Sunday, November 8, 2009

Hard A Starboard

John at Powerline chides conservatives for insufficient loyalty to the Republican Party. I think he has a point: Republican Pride

Of course the Republicans aren't perfect. Of course they spent too much money when they controlled Congress. But the history of the Republican Party is, on the whole, a proud one--far more so than that of the Democratic Party. This is a theme to which I intend to recur in the months to come.

In the meantime, let's leave it with this: we were often critical of President George W. Bush. When he left office, I gave him a B- grade overall. But President Bush would have vetoed Pelosicare. This is the stark difference between our political parties: the Democrats are hell-bent on dismantling free enterprise and advancing government power over every aspect of our lives; the Republicans are not. Conservatives cannot afford to be neutral or indifferent as between the parties, nor can they afford the narcissism of third-party vanity campaigns. Conservatives must work every day to strengthen the Republican Party--it's the only hope we have. And, yes, strengthening the party will sometimes mean drawing the line at a Dede Scozzafava. But purity is not our object here; victory is.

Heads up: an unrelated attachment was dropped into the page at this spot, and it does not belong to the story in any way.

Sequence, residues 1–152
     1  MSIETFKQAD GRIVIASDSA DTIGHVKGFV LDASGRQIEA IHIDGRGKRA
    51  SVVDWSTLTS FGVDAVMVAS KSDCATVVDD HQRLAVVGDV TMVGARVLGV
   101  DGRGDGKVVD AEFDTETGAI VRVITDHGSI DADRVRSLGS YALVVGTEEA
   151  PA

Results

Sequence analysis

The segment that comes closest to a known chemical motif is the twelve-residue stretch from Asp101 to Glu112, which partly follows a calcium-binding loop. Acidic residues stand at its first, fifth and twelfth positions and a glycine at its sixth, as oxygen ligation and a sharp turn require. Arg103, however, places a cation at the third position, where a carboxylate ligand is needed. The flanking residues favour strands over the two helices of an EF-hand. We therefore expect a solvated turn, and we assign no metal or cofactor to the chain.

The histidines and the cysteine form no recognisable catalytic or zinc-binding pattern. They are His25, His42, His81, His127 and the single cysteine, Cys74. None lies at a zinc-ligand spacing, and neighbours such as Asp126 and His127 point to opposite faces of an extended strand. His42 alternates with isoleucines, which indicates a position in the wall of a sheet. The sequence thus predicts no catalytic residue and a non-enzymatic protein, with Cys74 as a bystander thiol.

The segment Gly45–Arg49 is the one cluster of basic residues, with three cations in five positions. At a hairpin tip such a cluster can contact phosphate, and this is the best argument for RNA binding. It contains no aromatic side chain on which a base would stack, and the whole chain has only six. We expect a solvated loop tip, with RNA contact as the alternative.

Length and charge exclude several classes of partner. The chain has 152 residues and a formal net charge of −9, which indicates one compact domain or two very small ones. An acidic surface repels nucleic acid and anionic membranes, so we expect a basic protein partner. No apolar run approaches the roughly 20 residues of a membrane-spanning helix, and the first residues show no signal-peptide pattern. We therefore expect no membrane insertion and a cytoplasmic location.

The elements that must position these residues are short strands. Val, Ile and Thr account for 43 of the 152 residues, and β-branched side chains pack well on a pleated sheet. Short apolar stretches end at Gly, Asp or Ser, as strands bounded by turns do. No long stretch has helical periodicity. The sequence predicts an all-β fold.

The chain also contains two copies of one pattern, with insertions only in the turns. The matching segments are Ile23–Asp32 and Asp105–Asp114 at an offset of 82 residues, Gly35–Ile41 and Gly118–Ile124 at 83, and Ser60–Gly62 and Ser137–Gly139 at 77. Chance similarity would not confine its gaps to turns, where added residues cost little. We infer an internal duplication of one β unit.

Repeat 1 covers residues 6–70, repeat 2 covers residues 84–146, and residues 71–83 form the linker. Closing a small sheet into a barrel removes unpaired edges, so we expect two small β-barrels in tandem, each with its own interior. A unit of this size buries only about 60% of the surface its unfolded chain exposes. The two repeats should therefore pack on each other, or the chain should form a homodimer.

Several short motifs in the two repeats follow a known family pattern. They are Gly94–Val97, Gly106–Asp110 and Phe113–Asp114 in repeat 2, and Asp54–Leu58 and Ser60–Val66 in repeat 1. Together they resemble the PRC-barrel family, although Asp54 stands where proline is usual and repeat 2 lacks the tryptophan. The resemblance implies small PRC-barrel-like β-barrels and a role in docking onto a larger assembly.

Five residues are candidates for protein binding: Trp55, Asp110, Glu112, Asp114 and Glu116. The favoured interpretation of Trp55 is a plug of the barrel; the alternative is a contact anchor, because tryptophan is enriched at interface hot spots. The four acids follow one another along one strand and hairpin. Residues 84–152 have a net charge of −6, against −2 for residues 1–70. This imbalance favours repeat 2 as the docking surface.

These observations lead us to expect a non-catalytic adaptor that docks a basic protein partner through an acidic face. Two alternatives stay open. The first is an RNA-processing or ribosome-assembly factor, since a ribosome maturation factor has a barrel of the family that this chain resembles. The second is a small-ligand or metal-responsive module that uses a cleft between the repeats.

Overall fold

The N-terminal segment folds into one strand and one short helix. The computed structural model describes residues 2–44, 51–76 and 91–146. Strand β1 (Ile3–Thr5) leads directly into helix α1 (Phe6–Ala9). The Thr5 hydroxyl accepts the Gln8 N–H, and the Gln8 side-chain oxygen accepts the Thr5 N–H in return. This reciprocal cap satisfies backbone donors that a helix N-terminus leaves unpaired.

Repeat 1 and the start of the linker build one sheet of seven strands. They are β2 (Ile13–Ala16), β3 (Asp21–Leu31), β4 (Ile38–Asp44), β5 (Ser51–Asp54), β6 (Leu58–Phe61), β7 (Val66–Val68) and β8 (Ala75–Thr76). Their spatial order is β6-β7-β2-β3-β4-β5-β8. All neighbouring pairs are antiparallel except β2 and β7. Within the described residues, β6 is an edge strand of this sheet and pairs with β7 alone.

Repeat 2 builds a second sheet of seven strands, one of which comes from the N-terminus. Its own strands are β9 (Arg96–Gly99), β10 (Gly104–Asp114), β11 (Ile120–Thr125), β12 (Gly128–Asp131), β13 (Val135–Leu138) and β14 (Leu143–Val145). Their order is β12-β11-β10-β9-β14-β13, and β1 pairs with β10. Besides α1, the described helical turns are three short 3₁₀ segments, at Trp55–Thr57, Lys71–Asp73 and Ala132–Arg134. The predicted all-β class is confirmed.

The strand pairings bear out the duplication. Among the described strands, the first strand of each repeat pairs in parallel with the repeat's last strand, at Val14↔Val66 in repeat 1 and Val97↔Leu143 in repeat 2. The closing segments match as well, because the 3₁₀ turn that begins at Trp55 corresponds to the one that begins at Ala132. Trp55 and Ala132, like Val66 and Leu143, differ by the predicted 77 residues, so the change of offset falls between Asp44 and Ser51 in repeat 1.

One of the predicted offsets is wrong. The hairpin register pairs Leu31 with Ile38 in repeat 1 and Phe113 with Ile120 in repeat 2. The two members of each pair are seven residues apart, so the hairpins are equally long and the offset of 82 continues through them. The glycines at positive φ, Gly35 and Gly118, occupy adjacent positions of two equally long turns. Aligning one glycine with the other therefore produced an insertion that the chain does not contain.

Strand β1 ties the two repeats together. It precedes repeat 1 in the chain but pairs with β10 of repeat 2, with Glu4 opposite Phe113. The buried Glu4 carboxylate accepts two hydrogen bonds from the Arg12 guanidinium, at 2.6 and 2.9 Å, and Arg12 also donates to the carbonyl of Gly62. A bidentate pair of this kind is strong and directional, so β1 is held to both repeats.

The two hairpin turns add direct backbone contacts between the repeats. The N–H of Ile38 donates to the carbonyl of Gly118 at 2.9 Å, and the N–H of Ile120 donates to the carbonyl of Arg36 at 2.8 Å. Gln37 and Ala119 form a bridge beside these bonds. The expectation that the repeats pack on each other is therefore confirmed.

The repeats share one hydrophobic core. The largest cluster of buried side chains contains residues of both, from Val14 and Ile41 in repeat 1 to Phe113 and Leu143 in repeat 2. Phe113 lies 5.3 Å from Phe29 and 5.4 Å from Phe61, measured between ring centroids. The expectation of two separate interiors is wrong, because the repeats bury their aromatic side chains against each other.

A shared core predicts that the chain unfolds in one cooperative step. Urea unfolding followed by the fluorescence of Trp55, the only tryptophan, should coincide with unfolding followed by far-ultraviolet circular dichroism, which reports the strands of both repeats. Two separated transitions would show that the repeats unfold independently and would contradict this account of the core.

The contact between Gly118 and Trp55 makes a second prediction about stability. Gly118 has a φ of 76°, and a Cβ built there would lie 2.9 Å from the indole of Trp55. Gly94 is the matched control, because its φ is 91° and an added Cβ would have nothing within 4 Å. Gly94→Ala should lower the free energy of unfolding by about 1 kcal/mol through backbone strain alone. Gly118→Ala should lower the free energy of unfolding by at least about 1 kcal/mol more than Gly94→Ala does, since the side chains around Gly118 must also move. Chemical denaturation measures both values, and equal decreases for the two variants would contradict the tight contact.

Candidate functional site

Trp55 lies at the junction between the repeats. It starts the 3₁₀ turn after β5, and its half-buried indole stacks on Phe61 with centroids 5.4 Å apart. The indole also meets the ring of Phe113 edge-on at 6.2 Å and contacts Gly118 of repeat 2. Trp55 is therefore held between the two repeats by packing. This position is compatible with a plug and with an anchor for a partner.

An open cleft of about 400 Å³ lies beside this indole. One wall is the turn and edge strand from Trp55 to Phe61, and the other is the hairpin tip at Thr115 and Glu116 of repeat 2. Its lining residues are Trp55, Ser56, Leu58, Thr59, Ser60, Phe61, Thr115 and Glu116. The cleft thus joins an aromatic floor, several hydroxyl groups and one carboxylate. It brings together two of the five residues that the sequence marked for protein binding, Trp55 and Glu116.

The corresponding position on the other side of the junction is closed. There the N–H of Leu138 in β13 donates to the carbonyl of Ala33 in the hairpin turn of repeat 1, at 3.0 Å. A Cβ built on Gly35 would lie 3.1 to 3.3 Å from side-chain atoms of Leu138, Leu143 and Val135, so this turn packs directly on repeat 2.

A problem for voters and for Republicans is that a lazy sort of liberalism is the default setting in the media, in the schools, in the universities, in bookstores, and virtually any other place where the battle of ideas is waged. Republicans don't just have trouble getting their message out; voters rarely have ready access to information that the GOP can represent a choice, and not an echo. You literally have to make an affirmative effort to learn about conservative ideas, the philosophy of the GOP, etc. For many people, hearing Rush Limbaugh for the first time is often a shock, a shock because it's hard to hear such a passionate proponent of conservative views in more conventional forums.

In my case, a big turning point came when I read P.J. O'Rourke's books back in my college days. I think he was the first person outside of my family whom I had ever heard criticize FDR (as I recall, the line from Parliament of Whores was "President Roosevelt: the one in the wheelchair, and not the good one who shot bears"). PJ's a very funny guy, and much more thoughtful than most liberal intellectuals, but - come on! - when your side (ca. early 1990's) has to rely on a humorist to put across its ideas to the mainstream, it gives you an idea of what we're up against. Things have changed for the better: certainly we're much better off with Fox News, talk radio, and the conservative blogosphere, none of which existed in their present form when I made my journey right-ward; but we shouldn't kid ourselves. Conservatives and the GOP still have a long way to go, both in communicating with one another and with the voters.

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